Control how the instrument is plucked, bowed, or played in any other way. You may also morph between materials by using the X/Y pad.
Movement and changing textures are produced using a rich range of modulation settings. When it comes to creating a totally unexpected sound, Sculpture provides a plethora of choices.
If you are into sound design, you will find sounds you never thought possible with Sculpture.
The ES2 is a flexible synthesizer that produces sounds ranging from vintage analog to contemporary digital. The synthesis engine includes:
- Three analog-modeled and wavetable oscillators.
- Twin multimode analog resonant filters.
- Comprehensive modulation capabilities.
Logic’s Arpeggiator plugin helps you turn basic MIDI chords into complex performances.
It comes with numerous carefully crafted presets, or you can easily create yours.
You can influence the Arpeggiator’s performance by changing the note rate, order, and octave range or add a swing to make the sound fit in with the mood of your music.
You can use the Additional MIDI capabilities to expand your options for generating and shaping MIDI notes and controller data. Honestly, there are no limits here.
Is Logic Pro X Worth 200$ considering everything we discussed so far? Absolutely! But wait, we still have more ground to cover.
A wide range of reverbs, delays, and modulation effects are included in Logic Pro X by default to help you polish your recordings and make your tracks unique. Let’s have a quick look.
1. Channel EQ
The EQ is an indispensable tool for mixing, and every track in your session might need to be equalized at some point to blend with your overall mix.
Logic Pro X offers a highly versatile and transparent Channel EQ consisting of eight-band multiband EQ providing highpass, lowpass, low, and high shelving filters and four adjustable parametric filters.
The EQ plugin comes with a frequency analyzer built-in that offers a graphical representation of your sound, allowing you to quickly pinpoint areas for improvement.
Mid-Side mode divides the audio signal into two sides: mono [in the middle] and stereo [hard left/right]. This gives you more freedom in how you build your mix and allows you to expand the soundstage.
After the equalizer, a compressor is arguably the most flexible and extensively utilized sound-shaping tool in the mixing studios.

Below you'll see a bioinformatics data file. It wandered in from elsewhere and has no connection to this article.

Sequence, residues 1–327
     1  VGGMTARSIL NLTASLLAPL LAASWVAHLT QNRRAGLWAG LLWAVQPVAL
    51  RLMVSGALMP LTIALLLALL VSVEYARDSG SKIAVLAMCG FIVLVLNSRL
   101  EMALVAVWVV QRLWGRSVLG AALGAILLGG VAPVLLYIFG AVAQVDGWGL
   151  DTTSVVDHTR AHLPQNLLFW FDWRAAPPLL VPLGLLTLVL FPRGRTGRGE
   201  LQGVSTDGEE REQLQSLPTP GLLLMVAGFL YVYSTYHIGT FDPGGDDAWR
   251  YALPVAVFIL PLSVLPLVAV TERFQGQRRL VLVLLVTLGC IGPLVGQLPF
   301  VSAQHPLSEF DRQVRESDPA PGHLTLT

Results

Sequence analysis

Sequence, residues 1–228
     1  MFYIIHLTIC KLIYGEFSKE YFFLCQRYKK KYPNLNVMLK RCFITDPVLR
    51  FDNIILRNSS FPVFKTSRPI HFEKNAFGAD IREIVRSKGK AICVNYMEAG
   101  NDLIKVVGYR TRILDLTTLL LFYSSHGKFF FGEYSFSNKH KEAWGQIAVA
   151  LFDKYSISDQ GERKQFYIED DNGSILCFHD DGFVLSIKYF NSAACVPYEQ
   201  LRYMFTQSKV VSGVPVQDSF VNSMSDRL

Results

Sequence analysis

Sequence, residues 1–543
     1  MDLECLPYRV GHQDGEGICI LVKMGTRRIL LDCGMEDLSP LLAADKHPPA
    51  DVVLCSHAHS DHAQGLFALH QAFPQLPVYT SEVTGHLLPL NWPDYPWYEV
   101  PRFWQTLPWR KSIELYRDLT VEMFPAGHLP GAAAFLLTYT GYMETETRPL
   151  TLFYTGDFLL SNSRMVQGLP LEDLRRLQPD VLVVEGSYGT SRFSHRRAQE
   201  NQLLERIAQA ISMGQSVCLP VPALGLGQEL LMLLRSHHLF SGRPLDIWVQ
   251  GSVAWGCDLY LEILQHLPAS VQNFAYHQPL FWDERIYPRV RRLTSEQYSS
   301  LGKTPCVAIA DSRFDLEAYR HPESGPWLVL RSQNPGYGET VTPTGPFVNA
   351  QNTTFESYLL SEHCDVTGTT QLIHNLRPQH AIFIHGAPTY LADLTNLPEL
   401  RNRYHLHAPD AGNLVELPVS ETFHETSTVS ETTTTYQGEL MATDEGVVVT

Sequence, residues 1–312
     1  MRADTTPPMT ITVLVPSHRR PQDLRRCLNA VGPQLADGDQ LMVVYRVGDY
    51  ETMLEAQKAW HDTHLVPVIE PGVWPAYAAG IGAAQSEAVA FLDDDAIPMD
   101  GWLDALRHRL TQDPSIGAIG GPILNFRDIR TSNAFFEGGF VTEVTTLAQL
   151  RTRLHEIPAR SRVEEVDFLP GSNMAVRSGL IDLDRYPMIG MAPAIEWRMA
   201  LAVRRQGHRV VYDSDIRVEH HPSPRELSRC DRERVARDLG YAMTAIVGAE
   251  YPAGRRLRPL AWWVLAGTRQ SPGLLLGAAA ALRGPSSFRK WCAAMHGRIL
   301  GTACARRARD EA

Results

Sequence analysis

In simple words, a compressor is an essential tool that helps reduce the difference between the quiet and the loudest parts of an audio signal. In audio mixing, this range is also called dynamic range.
Logic’s Compressor emulates several professional-level compressors with similar sound and responsiveness to Studio, Classic, and Vintage VCAs, and Opto compressors.
The Compressor plugin can be used on any individual track, such as vocals, instrumentals, effects tracks, and the entire song mix.
3. Vintage EQ Collection
Sometimes we are looking for more than just using EQs and compressors to perform surgical corrections to our audio signal.
Logic Pro X Vintage EQ Collection consists of three plugins, respectively the Vintage Console EQ, Vintage Graphic EQ, and Vintage Tube EQ, that accurately recreates the sound of the most famous analog EQ circuits from 1950, 1960, and 1970.
The Vintage EQ Collection also allows you to model each unit’s output stage, which will enable you to pair the output stage of any unit with the original or additional EQ models.
A further improvement is the addition of entirely sweepable frequency controls, which allow for more detailed signal contouring than the fixed frequency choices available on some of the original devices.
Compared to accurate, clean contemporary equalizers like the others in the Logic family, each vintage EQ unit has a unique tonal character that adds an excellent color to the data it processes.
4. Chroma Verb
In addition to being a premium reverb plugin, ChromaVerb also has innovative modeling that allows it to recreate both natural and abstract acoustic environments.
Chroma Verb comes with 14 distinct models and tempo-synchronized settings, up to 100 seconds of decay, and a vivid visual spectrum that offers relevant frequency feedback so you can understand how reverb compliments your track. This reverb plugin is a must-have in your mixing arsenal.
5. Space Designer
For long-time Logic Pro users, Space Designer is a reverb plugin that does not require any introduction.
For those new to Logic Pro X, the Space Designer is an incredibly versatile and potent real-time convoluted reverb plugin that produces a nearly identical sound to an original room or hall.
Space Designer includes over 1,000 Impulse Response [IR] samples. And if you can’t find what you’re looking for or have your own IR libraries, you can easily import them in Space Designer.
For instance, here’s a quick guide on downloading and importing the famous Bricasti M7 IRs in Space Designer.
The plugin provides controls to adjust the IR pre-delay, size, and length and EQ controls that can be adjusted for pre-delay, length, size, Lo, and Hi spread.
Moreover, the X-over knob allows controlling the audio signal’s spread [perceived width] without affecting the directional information of the signal.
Of course, you can adjust the dry/wet audio signal to your needs as you would do in any other reverb plugin.
6. Amp Designer
If you are a guitarist looking for the authentic sound of various cabinets, Logic Pro X got you covered as well.
Amp Designer provides you with 25 amp heads, five equalizers, 10 delay and reverb effects, 25 speaker cabinets, and seven microphones that you can place flexibly around the speaker cone.
You can re-create famous sounds and create your own distinctive tones.
Playing via vintage tweed amplifiers from the 1950s and 1960s, you can:
- Recreate the sound of silverface and blackface, two of the most classic American makeup combinations.
- Recreate the sound of a comprehensive collection of British stacks and combinations.
- Recreate the metal stacks with very high gain.
- Even unusual amplifiers that would be difficult to come by in the real world are available.